fleeting moments – it’s one turn after another with
sheer drop-offs and no barriers.   

After the oil change we headed west over the
Cascade Range.  This is another mountainous
route.  Two years ago we wanted to take this route
but forest fires forced road closure.  The trees are
now like big black tooth picks (photo, below).  
Nature heals.
By the time we were pretty far into Montana the
mountains were becoming hills and there were
farms and extensive grazing areas (photo, above).  
There are plenty of wheat and cornfields.  By now
we were getting acclimated to the temperatures in
the eighties – on the coast the temperature never
exceeded 70º.  Then south into Wyoming with
similar crops.  

Along the way we stopped at Fort Laramie National
Historic Site (photo, below).  This fort was
established in the early 1800s and served until
1890.  It was here to maintain the peace with the
Indians.  Several cross-country trails converged
here all of which were heavily traveled by gold
miners and the covered wagons of western
settlers.  Later, the railroad came here and
replaced the prairie schooners.  Fort Laramie then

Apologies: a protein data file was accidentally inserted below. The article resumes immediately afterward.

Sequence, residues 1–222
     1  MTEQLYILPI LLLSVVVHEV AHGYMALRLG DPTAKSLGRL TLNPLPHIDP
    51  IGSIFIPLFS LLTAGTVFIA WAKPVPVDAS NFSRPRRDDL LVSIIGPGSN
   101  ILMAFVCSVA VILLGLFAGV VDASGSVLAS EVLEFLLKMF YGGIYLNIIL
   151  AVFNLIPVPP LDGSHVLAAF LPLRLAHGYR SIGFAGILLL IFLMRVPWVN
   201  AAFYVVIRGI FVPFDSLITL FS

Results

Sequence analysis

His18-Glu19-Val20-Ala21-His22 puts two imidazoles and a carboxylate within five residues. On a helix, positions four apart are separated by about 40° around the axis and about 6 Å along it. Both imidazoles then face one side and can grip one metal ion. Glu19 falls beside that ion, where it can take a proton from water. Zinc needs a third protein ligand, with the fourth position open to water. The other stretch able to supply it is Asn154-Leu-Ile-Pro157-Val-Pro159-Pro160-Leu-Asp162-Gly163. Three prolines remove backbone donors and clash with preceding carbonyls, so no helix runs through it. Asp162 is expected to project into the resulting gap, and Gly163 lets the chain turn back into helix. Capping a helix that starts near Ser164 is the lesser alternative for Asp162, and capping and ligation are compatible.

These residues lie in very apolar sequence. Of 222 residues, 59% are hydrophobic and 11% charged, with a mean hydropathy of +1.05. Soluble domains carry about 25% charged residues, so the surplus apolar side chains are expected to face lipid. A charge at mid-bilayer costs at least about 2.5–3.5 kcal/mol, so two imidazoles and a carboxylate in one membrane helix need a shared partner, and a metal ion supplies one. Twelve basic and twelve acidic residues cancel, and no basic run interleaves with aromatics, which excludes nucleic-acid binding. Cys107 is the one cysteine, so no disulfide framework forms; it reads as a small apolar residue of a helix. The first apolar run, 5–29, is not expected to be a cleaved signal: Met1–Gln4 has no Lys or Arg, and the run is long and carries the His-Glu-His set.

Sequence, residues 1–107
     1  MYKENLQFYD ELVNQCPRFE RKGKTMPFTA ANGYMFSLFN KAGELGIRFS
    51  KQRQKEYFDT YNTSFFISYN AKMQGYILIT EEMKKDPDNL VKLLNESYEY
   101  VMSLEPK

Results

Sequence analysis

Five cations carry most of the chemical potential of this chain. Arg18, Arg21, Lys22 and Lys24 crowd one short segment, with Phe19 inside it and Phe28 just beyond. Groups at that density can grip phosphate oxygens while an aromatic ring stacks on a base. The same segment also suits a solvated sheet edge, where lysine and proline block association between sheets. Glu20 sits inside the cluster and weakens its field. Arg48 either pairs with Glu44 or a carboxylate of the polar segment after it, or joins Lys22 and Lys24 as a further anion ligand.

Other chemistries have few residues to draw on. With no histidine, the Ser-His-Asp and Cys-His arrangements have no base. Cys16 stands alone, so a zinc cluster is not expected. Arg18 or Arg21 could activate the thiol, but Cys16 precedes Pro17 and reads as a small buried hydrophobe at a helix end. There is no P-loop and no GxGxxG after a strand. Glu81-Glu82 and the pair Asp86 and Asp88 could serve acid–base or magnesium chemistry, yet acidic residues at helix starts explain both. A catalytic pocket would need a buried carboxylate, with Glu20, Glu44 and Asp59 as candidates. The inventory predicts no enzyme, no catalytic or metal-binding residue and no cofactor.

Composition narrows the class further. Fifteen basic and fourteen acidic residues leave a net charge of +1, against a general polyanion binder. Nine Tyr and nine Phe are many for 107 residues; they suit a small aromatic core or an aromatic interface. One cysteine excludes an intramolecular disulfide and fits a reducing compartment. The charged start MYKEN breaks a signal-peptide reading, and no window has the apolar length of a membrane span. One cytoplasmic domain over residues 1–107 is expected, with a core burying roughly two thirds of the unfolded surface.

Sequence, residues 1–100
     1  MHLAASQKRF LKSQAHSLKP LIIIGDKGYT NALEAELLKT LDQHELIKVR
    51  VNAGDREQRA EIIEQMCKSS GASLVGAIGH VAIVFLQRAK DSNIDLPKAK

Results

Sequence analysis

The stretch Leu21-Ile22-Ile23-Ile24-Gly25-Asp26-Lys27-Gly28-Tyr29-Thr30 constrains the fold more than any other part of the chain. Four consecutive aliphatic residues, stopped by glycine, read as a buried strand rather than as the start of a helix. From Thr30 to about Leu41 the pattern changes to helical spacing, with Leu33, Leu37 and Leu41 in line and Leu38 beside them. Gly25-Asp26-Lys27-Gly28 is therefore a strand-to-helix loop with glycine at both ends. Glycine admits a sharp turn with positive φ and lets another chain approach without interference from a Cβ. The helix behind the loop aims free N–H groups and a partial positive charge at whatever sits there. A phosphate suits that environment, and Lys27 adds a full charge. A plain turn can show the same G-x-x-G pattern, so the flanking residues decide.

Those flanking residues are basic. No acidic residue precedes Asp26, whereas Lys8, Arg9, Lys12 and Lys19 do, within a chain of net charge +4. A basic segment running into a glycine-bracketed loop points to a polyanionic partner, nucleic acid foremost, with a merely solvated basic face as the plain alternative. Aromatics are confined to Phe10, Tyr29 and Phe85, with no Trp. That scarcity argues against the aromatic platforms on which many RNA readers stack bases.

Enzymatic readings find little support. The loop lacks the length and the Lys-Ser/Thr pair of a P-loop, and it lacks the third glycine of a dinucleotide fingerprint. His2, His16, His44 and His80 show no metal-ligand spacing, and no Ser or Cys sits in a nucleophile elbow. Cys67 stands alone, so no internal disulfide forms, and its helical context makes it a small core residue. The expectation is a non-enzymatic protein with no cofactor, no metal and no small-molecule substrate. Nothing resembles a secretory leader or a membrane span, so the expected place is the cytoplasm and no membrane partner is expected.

was protecting it.  The fort was laid out on a plan
that resembled Fort Davis that we visited in Texas.  
Sounds sort of like today – budget cuts caused the
closure of the fort in 1890.  
Continuing east is pretty much a matter of putting
away miles.  But we have enjoyed the scenery.  
Going north past Redmond, OR the route was often
through forests as well as arid land with distant
mountains.  This took us to the grand Columbia
River Gorge.  This is scenic – it ranges from  a few
scattered green irrigated orchards on the
Washington side of the river to the parched fields
and small villages.  Mountains are in the distance,
and looking back we saw Mount Hood.  

Then north through Spokane, WA and east through
mountain passes in Idaho.  A highlight is the
emerald green lake at Coeur d’Alene, ID.  We were
well over 6,000 feet and the mountains soared
above us.  A river was below us and small mining
towns were alongside.  Once in a while we saw
small mines.  Sorry, no photos as there are few
turnoffs at scenic spots.  It extends for miles.  The
mountains seem endless and extend well into
WILMINGTON, NC; 9/19/2005

We arrived home last week and have experienced
our first hurricane since living in North Carolina.  
We had been
on the road for the three others that
have hit the area since '91.  It was a lot of wind and
rain, minimal damage in Wilmington, and with no
electricity for a few hours we were alerted to the
need to stock emergency supplies.
On the other hand maybe we were a bit too
reactionary in our concern of gasoline availability
that led to our early return.  

Looking back at the pictures it appears a bit
overloaded with seals and elks – but after all that is
what we happened to enjoy.  

Keep in touch y’all…